I am a woman & my ex was a woman- and I can tell you right now that she was a total N & could easily run for & win their NPD poster-child competition…The most amazing thing with her/them is how nothing is ever their fault- ever. It is effortless for them to blame-shift- to the point that you eventually find yourself running situations past others just to see if you’re the crazy one.

    In saying that, I might add that they are perfect actors- but mainly because they are so good at setting you up- I walked into these “planned ambushes” so many times. It was most effective when there was an audience to witness the thing unfold. One time mutual friends were invited over after being told how sensitive & distant I was being (this after a particularly grueling devaluing episode)- and then here she was inviting company (“to cheer me up” was the later excuse & why was I always so uptight?) to witness first-hand how much of a bummer I was? Naturally, I was down, stressed, and unprepared for the sudden & unannounced visit…This would lead to yet another devaluation…

    I did leave her and the aftermath & things she did would fill a book. Thank God for my good friends & my children. Unlike some, I did have support & I had witnesses to her bizarre behaviour. I’m still scarred & still a bit paranoid- but getting there. It’s been 2-1/2 years since I left & it still haunts me.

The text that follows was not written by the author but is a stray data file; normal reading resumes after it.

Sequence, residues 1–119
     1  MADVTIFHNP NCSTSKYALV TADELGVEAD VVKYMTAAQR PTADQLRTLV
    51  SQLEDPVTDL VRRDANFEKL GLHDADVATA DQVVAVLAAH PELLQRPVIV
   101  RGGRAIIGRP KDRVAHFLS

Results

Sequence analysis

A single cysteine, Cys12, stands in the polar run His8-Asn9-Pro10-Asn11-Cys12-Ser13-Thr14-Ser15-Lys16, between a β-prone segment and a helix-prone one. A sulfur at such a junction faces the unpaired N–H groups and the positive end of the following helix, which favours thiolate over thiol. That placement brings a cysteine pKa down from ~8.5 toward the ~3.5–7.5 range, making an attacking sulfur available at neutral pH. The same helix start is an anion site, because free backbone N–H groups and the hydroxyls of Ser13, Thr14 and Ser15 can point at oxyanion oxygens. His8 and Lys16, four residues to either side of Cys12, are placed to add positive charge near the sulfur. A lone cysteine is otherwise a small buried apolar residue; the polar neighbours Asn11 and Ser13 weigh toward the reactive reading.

Love your blog- good stuff,

    Tracy

    • Tracy, I’m so glad you’re no longer taking abuse from your N. You’re absolutely right about NPD applying to women as well. While statistics show it to have a 75/25 split between genders, with males being the 75 portion of that ratio, I also know that many women who probably should be classified as NPD are actually diagnosed as Borderline. I believe the reason for this is that women tend to seek help more than men do, for whatever reason.